… that a ceiling existed on the level of attainable out¬put per head. This ceiling resulted from the fact that the potentialities which flow from modern science and technology were either not available or not regularly and systematically applied … But in agriculture, the level of productivity was limited by the inaccessibility of modern science, its appli¬cation, and its frame of mind.
During the past one decade or so there has been a drama¬tic shift in perceptions of deve¬lopment possibilities in nation¬al economies. Moved by the substantial deterioration in the living standards of the majo¬rity of the population despite improvements at a purely aggregate level, decision¬-makers, both at international and national forums, have started concentrating on change in the structure of the economy with a view to identi¬fying the potential beneficiar¬ies of alternative development scenarios.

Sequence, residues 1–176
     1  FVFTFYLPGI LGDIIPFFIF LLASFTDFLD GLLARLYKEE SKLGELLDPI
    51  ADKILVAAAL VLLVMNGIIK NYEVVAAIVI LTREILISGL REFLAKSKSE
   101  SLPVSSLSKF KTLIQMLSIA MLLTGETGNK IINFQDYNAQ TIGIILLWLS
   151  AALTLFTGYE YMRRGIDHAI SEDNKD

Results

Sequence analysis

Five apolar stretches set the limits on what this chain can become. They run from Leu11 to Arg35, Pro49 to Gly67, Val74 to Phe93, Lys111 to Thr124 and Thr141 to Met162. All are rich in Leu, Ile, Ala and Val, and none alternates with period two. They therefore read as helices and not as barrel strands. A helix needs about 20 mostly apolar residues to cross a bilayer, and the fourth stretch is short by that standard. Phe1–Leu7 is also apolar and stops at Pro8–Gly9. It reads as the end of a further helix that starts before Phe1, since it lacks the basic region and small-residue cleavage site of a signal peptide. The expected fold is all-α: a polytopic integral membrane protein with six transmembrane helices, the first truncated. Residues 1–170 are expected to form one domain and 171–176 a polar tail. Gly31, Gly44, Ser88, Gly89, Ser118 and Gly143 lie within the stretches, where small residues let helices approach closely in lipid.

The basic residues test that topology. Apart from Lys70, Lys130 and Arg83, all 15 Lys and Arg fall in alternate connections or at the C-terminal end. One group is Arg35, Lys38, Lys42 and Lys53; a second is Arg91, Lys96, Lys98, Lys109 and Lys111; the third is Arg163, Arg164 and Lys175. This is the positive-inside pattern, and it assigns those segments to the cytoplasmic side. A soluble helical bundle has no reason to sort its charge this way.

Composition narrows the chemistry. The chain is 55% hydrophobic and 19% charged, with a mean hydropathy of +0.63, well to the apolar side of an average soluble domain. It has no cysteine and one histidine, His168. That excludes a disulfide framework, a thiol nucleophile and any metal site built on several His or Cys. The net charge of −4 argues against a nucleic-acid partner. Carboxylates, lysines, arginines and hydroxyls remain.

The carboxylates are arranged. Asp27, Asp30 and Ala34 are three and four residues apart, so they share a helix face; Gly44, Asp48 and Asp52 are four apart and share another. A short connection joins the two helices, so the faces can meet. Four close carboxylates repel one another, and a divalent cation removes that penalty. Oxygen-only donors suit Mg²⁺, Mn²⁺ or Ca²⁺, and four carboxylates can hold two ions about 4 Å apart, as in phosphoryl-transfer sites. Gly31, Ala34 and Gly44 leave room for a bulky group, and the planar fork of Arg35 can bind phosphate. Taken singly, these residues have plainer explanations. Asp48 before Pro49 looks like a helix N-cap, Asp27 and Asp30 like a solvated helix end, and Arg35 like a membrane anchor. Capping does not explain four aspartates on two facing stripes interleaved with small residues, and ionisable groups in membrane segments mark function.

M.S. Rajan and Shivaji Ganguly have done a com¬mendable labour of love in bringing together writings of Sisir Gupta on wide and vari¬ed aspects of international relations in contemporary times. The volume is dedicat¬ed to the memory of Professor Sisir Gupta.